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1.
antecedent: the if-clause

2.
argument: a set of statements where some of the statements, called the premises, are intended to support another, called the conclusion

3.
argument form: a pattern of reasoning

4.
categorical statement: relates two classes or categories, where a class is a set or collection of things.

5.
cogent argument: a strong argumetn in which all of the premises are true

6.
conclusion indicators: typically followed by a conclusion. example: so, therefore, hence, thus

7.
conditional statement: if-then statement

8.
consequent: the then-clause

9.
counterexample: a substitution instance in which the premises are true and the conclusion is false

10.
deductive argument: the premises are intended to guarantee the conclusion

11.
deductive logic: part of logic that is concerned with the study of methods of evaluating arguments for validity and invalidity

12.
disjunction: either-or statement

13.
disjuncts: statements comprising a disjunction

14.
enthymeme: an argumetn that has one or more premises or its conclusion left implicit

15.
excess verbiage: word or statement that adds nothing to the argument. typical examples include discounts, repetition, assurances, and hedges

16.
fallacy of affirming the consequent: invalid argument form: if A, then B; B; so A

17.
fallacy of denying the antecedent: invalid argument form: if A, then B; not A; so not B

18.
formally valid argument: valid in virtue of its form

19.
good counterexample: a substitution instance in which the premises are well-known truths and the conclusion is a well-known falsehood.

20.
inductive argument: the premises are intended to make the conclusion probable, without guanranteeing it

21.
inductive logic: part of logic that is concerned with the study of methods of evaluating arguments for strength and weakness

22.
invalid: it is not necessary that, if the premises are true, then the conclusion is true

23.
invalid argument form: some invalid substitution instances

24.
negation: statement's denial

25.
premise indicators: words that are typically followed by a premise. example: because, since, for, as, after all

26.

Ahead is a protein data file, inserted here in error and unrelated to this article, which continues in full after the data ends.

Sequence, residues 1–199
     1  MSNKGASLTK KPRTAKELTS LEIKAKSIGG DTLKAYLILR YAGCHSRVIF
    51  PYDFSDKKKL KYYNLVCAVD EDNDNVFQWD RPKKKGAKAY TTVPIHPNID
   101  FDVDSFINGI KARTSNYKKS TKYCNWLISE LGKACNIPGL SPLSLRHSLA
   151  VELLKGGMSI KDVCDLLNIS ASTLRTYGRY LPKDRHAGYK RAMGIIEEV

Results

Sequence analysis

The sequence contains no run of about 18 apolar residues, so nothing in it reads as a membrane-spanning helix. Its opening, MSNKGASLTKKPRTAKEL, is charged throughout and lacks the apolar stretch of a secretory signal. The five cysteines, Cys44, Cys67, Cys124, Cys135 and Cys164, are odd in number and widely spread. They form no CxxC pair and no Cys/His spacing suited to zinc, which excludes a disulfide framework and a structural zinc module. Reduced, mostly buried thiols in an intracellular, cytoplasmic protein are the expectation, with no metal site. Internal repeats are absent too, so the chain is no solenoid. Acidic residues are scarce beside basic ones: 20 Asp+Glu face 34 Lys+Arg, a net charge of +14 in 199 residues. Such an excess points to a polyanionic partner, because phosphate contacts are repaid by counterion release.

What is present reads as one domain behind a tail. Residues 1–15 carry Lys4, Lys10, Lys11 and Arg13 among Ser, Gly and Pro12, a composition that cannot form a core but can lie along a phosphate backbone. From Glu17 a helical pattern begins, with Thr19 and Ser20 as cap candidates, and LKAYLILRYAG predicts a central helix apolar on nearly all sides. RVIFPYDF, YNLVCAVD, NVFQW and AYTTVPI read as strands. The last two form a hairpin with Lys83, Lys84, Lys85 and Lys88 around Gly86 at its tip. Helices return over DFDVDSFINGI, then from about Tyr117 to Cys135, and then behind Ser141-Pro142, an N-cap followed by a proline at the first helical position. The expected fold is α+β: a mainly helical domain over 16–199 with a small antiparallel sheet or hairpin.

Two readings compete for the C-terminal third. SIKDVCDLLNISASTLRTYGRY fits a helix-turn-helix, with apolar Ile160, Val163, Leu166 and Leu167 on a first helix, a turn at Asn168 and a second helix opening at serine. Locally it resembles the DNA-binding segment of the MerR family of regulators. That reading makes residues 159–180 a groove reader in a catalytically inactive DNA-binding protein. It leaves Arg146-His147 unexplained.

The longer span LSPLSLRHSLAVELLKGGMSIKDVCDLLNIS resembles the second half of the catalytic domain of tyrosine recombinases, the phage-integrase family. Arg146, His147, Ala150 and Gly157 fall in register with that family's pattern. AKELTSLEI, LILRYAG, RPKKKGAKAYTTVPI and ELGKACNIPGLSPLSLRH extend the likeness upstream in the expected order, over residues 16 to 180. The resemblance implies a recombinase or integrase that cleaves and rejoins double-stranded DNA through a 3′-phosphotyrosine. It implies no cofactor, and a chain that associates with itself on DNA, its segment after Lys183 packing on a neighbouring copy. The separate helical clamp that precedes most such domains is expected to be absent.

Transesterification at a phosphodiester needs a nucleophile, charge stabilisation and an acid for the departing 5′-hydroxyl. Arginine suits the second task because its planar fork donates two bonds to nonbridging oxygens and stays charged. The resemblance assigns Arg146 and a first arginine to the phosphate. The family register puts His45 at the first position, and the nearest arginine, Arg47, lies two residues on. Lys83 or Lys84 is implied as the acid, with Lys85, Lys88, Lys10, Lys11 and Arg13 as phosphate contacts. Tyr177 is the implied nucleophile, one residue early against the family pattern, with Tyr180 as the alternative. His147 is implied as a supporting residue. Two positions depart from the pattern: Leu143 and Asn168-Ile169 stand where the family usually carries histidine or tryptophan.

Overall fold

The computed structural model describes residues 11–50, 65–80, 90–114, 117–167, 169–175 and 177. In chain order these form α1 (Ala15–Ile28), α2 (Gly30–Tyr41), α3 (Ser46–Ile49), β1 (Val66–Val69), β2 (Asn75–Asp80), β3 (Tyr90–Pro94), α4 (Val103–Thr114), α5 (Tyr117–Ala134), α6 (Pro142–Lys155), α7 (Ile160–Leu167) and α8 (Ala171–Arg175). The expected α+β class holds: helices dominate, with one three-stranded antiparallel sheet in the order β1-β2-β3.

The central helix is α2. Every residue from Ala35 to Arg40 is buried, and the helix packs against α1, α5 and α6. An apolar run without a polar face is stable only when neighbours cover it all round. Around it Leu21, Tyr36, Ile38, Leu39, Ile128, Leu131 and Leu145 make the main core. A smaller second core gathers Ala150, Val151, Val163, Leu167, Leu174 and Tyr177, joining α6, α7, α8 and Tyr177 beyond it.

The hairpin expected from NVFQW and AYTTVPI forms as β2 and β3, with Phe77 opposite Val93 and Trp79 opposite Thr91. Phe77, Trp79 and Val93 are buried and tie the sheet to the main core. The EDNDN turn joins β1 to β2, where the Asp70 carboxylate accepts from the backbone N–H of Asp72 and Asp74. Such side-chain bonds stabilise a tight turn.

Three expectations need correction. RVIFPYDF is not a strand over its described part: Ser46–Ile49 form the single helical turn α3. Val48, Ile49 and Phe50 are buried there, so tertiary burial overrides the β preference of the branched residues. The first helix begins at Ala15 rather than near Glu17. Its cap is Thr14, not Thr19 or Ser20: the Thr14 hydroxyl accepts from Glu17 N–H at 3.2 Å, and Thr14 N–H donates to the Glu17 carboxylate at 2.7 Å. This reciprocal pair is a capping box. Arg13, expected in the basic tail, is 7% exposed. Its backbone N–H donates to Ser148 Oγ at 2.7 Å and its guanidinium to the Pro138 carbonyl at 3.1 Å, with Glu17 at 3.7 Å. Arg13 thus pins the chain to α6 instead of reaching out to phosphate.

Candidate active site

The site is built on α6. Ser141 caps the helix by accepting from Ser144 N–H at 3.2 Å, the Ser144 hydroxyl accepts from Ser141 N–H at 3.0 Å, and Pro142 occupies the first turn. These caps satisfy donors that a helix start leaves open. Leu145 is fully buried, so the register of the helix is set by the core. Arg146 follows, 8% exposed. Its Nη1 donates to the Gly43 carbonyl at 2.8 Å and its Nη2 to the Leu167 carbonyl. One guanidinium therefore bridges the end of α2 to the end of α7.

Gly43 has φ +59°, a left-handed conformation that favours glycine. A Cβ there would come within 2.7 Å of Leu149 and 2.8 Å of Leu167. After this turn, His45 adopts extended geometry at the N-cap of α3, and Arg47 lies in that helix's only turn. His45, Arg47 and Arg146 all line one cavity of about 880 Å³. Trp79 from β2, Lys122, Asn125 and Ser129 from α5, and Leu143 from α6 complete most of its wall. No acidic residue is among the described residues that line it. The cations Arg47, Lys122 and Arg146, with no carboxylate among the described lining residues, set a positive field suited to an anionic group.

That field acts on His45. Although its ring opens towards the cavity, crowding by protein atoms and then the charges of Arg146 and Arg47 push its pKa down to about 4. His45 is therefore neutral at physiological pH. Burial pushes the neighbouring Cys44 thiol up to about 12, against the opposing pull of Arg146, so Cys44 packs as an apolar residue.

sound argument: a valid argument in which all of the premises are true

27.
statement: a declarative sentence that is either true or false

28.
strong argument: it is probable (but not necessary) that, if the premises are true, then the conclusion is true

29.
substitution instance: an argument that results from uniformly replacing the variables in that form with statements (or terms)

30.
term: a word or phrase that stands for a class of things

31.
UA: explanatory statements: statements that provide a casual or other reason for some phenomenon

32.
UA: illustrations: statements together with explanatory or clarifying examples

33.
UA: reports: sets of statements intended to provide information about a situation, topic, event

34.
uncogent argument: one that is either weak or strong with at least one false premise

35.
unsound argument: either is invalid or has at least one false premise

36.
Unsupported assertions: passages that are not arguments

37.
valid: argument where it is is necessary that, if the premises are tru, then the clusion is true

38.
valid argument form: one in which every substitution instance is a valid argument

39.
weak argument: not probable that, if the premises are true, then the conclusion is true

40.
well-crafted: an argumetn that is stated in such a way that its important logical features are explicit

## Chapters one and two: Symbolic LogicStudy online at quizlet.com/_271m7 |

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